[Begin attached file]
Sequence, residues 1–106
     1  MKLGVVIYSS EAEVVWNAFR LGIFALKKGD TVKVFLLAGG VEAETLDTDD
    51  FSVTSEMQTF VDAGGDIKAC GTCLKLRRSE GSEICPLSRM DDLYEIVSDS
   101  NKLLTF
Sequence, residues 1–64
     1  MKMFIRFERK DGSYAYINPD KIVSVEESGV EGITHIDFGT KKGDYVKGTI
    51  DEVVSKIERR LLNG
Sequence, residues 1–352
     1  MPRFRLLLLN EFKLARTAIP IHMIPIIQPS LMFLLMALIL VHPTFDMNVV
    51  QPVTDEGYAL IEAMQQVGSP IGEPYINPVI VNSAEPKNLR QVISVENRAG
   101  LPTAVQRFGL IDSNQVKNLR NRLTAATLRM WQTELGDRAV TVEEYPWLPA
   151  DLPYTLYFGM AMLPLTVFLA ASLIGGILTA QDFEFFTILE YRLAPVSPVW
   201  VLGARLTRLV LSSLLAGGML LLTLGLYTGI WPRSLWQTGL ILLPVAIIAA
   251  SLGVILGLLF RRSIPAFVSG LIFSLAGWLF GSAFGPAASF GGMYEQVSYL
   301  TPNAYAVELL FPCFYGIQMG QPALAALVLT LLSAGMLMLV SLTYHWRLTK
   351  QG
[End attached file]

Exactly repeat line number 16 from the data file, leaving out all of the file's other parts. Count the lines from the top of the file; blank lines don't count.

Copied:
   351  QG